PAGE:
breakthroughs in the treatment of cancer and dementia but it also poses risks. the worst scenario i can imagine is if it became mandatory to assemble a comprehensive record of everyone's genetic data. our genetic disposition has a massive impact on our health we might see our society making decisions about people on the basis of their genetic disposition then you'd see things like we don't want them they get no money they get no insurance certain people will be seen as a threat and people with good genes would get preferential treatment before so. despite these the risks. that we have the capacity to protect the data privacy of citizens but what's missing is the political will.
germans are wary about anything involving data privacy but israel has been collecting patient data for decades tech startups use the medical records to develop algorithms and they businesses so far there's been little pushback on the contrary israel wants to become a world leader in digital medicine it's already reputed to be one of the most innovative countries in this sector let's take a look. israeli companies are usually. bringing in fresh angle tool for having an existing problem in health care that's where we expect to really start to shine. with a population of around $9000000.00 israel is a small country but it's looking for a large piece of what's said to be a large part by the digital health market. for 20 years the israeli health system has been gathering the medical data of more or less the whole population a database like this exists only in israel and serves as an ideal basis for the
development of deep learning algorithms that could potentially save lives. was among the pioneers of this development he co-founded zebra medical vision in 2014 the company was granted access to the data of israel's main health organization to optimize patient care. of its introverted care providers the meaning we know the outcome and what happened with all those patients and they can create many many different tools and help. there are they today quickly and more efficiently. zebra's analytics tools are already in use. and his head of ai are overseeing their introduction in hospitals the technology reduces the time it takes radiologists to recognize acute symptoms by 80 percent with a brain hemorrhage for example that could make
a crucial difference because ybor is also collaborating with google scans can be uploaded to the google cloud and analyzed many hospitals still hesitate to upload sensitive data to the cloud. gura says it's safer there than on a hospital server and that the data zebra works with is all completely anonymous. he worries that privity concerns about dealing progress. millions of patients will be saved in china. before they are being saved in europe and the us there is quiet of a balance nations and citizens need to consider. impact on patients live versus perceived privacy with. israel's government is now having a range of data collected on what will be one digital platform it will be the world's largest database of medical data will eventually be made accessible to start ups in terms of digital health the country is dreaming big.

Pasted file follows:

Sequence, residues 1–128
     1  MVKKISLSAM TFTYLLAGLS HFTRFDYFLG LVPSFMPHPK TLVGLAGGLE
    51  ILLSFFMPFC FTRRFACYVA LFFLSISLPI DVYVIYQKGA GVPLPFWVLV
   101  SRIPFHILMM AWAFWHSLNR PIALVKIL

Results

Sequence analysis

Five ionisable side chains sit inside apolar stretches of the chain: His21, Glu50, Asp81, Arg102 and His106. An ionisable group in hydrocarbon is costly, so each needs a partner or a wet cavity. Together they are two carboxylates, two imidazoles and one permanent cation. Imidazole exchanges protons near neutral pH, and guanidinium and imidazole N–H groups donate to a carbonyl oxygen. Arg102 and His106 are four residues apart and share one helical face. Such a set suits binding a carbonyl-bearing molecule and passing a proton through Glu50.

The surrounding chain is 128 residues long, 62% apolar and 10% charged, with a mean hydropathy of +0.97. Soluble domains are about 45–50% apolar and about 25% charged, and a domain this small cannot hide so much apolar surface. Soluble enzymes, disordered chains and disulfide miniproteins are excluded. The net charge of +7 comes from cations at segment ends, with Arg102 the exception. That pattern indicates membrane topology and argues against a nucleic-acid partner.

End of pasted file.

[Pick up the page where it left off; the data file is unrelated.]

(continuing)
invests mainly in health tech startups part of what we need to do as investors is to connect and build bridges between the israeli entrepreneurs and the world out there the market here is tiny this bridge building between israel and the world is what really grounds these really entrepreneurs as fears of a health care data breach this investor says such concerns are typically european. the population here is a little bit less risk averse we're used to living in vironment when risk is part of the equation and we constantly balance between risk and reward lisa goal is co-founder of the start of day 2 and this identified personalized
nutrition as a major trend the company provides customers with personalized health solutions based on their gut microbiome its methodology could revolutionize diabetes treatment. so how come israel has become such a hope of visionary ideas. because. we're in survival mode all the time we need to be able to find the creative solutions to move forward we're not about organization and getting multi you know $1000000000.00 companies up and running smoothly and scale that we do know how to end a very. another factor is that in israeli business culture failure is seen as healthy if an idea doesn't work out it's always worth trying again. to see you again here are made and make sure you keep up on the leaps and bounds